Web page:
Several of the city’s prime attractions are to be found around Tokyo Bay. The teeming fish market of Tsukiji provides a rowdy early-morning antidote to the serenity of the nearby traditional gardens, Hama Rikyū Teien. Across the Rainbow Bridge lies the modern waterfront suburb of Odaiba, built on vast islands of reclaimed land and home to Miraikan, Tokyo’s best science museum, as well as huge shopping malls and the Big Site convention centre.
On the north side of the bay, Kasai Rinkai-kōen is a good place to catch the sea breeze and has a fine aquarium. From the park, the Cinderella spires of Tokyo Disneyland are clearly visible to the west. Though you probably won’t have time to visit both in one day, these places are at adjacent stops on the JR Keiyō line from Tokyo Station. Coming from Odaiba, you can pick up the Keiyō line at Shin-Kiba Station.
TsukijiA dawn visit to the vast Tokyo Metropolitan Central Wholesale Market (東京都中央卸売市場) more popularly known as TSUKIJI (築地), is one of Tokyo’s undisputed highlights. The closest subway station is Tsukiji-Shijō (築地市場), although Tsukiji is also convenient.
The site on which the market is located dates back to 1657, when Tokugawa Ieyasu had the debris from the Furisode (Long Sleeves) Fire shovelled into the marshes at the edge of Ginza, thus creating “reclaimed land” – which is what Tsukiji means. The market relocated to this area from Nihombashi following the 1923 earthquake, the current complex starting operations in 1935. It’s likely that it will move again, probably around 2014 (see Tsukiji Troubles).
Tsukiji’s main action is centred on its jōnai-shijō (main market) lying closest to the water in the crescent-shaped hangar. The headline tuna auctions happen between 5am and 6.15am, and viewing, when allowed, is from within a cordoned-off area accommodating around seventy people (see Tsukiji Troubles). It’s well worth getting up early to witness sales of these rock-solid frozen fish, looking like steel torpedoes, all labelled with yellow stickers indicating their weight and country of origin. Depending on the quality, each tuna sells for between ¥600,000 and ¥1 million.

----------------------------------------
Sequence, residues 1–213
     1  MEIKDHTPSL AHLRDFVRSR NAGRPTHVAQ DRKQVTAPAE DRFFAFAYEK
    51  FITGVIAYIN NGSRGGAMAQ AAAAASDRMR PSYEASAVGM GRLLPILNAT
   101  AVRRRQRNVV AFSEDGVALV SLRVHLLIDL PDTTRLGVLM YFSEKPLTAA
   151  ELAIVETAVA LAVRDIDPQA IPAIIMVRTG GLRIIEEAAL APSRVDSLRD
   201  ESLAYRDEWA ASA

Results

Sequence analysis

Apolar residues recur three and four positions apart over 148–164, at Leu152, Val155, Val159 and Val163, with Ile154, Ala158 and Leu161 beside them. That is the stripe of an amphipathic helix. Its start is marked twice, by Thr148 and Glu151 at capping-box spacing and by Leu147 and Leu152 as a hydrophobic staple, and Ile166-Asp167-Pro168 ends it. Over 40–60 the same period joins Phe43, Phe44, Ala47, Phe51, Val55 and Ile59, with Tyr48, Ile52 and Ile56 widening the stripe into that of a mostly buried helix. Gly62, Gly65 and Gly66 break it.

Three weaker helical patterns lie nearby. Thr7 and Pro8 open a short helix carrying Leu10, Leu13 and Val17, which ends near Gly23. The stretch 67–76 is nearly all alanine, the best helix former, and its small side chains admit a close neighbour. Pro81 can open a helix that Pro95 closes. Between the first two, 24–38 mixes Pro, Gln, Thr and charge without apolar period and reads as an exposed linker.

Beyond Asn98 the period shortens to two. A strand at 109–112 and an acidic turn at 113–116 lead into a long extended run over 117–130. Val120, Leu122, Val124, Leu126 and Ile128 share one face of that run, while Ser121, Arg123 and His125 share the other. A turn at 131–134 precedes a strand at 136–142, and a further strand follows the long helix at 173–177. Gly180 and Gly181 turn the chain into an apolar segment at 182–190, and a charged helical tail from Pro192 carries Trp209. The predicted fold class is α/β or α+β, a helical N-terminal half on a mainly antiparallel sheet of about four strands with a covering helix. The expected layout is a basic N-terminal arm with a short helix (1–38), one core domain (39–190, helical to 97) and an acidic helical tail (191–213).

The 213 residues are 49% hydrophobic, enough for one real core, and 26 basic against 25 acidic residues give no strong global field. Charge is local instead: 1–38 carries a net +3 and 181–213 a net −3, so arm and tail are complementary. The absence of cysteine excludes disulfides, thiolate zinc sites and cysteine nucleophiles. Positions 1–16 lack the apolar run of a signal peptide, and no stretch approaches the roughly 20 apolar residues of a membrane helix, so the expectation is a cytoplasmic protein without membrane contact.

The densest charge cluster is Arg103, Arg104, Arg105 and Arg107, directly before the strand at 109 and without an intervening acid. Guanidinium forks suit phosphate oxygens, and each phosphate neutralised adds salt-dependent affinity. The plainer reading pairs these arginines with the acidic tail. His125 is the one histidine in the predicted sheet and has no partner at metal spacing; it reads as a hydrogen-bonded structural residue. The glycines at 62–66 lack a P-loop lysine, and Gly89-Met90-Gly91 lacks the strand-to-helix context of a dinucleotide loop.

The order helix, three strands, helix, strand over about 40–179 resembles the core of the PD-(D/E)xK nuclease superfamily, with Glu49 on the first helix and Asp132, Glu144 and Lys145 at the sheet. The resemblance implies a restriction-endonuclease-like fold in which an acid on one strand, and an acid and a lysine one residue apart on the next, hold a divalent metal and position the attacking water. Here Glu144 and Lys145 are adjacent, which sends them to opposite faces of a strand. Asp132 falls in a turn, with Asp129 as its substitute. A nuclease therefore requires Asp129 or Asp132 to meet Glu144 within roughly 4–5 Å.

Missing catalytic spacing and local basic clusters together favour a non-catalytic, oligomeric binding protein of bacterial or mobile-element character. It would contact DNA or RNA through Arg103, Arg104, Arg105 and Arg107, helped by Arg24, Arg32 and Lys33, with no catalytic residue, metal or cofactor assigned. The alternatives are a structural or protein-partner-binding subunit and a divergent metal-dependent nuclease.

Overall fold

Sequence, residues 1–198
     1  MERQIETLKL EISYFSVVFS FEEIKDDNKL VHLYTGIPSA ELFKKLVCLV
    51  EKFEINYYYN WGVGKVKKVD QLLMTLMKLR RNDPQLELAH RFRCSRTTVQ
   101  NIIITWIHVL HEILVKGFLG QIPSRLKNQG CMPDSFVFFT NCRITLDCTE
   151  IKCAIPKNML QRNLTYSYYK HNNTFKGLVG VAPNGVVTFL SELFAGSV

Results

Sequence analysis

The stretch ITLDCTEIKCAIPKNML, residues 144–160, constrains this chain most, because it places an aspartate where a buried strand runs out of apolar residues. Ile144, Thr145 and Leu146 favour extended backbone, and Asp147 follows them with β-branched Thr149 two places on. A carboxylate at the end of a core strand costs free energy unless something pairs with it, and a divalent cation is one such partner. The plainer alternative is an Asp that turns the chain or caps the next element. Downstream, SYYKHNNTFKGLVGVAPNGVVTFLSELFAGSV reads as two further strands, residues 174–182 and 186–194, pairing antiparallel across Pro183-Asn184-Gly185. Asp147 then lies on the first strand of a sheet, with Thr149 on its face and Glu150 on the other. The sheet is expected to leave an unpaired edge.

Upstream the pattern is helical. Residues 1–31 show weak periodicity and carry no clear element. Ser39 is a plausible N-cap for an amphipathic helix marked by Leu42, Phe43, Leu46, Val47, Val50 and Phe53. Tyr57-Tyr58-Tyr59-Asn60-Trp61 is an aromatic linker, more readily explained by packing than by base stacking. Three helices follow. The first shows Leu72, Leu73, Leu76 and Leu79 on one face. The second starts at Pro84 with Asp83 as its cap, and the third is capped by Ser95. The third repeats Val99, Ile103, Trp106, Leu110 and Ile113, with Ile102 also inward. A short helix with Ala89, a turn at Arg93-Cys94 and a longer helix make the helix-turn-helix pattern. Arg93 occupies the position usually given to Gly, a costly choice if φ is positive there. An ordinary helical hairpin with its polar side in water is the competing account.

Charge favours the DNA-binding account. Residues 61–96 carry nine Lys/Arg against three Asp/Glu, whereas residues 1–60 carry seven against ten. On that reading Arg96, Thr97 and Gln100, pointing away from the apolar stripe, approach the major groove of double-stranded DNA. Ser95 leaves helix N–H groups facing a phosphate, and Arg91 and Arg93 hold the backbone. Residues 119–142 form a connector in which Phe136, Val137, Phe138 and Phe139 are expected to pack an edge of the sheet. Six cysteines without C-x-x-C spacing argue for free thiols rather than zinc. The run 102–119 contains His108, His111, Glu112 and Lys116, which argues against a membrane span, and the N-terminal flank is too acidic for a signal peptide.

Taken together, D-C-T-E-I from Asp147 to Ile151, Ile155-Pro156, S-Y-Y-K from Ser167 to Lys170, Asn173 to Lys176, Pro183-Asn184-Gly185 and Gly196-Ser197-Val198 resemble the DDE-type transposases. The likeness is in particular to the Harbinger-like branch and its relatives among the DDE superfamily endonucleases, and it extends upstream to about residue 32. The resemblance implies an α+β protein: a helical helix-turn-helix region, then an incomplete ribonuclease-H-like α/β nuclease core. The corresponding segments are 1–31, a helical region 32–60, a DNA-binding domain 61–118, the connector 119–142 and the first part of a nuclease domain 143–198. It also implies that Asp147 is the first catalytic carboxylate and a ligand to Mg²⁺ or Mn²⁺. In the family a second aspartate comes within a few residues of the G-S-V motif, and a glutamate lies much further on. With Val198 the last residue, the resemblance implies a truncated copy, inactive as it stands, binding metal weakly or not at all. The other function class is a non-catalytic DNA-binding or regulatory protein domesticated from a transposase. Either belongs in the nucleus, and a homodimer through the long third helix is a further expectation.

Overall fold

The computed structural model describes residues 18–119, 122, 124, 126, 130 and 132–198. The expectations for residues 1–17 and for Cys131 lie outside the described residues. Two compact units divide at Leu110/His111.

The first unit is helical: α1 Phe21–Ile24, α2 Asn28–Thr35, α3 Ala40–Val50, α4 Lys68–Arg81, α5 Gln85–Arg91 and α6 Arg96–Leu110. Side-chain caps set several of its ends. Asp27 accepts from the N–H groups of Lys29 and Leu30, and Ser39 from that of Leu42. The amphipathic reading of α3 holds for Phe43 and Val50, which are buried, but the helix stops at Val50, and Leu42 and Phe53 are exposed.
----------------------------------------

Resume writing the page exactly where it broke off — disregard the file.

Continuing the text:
There are plenty of other things to see later in the day, including auctions for other seafood, meat, fruit and vegetables. From around 6am, restaurateurs and food retailers pick their way through the day’s catch, which is put on sale at 1600 different wholesalers’ stalls. Afterwards, head to one of the area’s plentiful sushi stalls and noodle bars servicing the sixty thousand people who pass through here each day. One good choice, in one of the rows of sushi stalls directly opposite the market’s fish section, is Sushi Bun.
Before leaving the area, weave your way through the jōgai-shijō (outer market), a dense grid of streets immediately to the northeast, heaving with fishmongers, grocers, pottery merchants and kitchenware sellers – there’s activity here later into the day when the main market is winding down. Closer to Tsukiji subway station is Tsukiji Hongan-ji (築地本願寺), one of the largest and most Indian-looking of Tokyo’s Buddhist temples. Pop inside to see the intricately carved golden altar and cavernous interior, with room for a thousand worshippers.
Tsukiji TroublesGenerating ¥1.7 billion in sales daily, Tsukiji is undoubtedly big business, but during recent years the market’s volume of trade has been dropping (down some seventy thousand tonnes between 2002 and 2007), along with the number of wholesalers and middlemen who work there.
Uppermost on merchants’ minds is Tokyo government’s plan to shift the market to Toyosu, 2km across the bay. The site was previously used by Tokyo Gas, and the highly toxic ground must be thoroughly cleaned up before any construction starts on the new complex where tourists are likely to be kept at arm’s length from the action, restricted to walkways overlooking the wholesale fish section. This will help solve the problems caused in recent years by increasingly large groups of tourists disrupting the key tuna auctions. On a couple of occasions the authorities have had to put a temporary ban on visitor attendance at the auctions.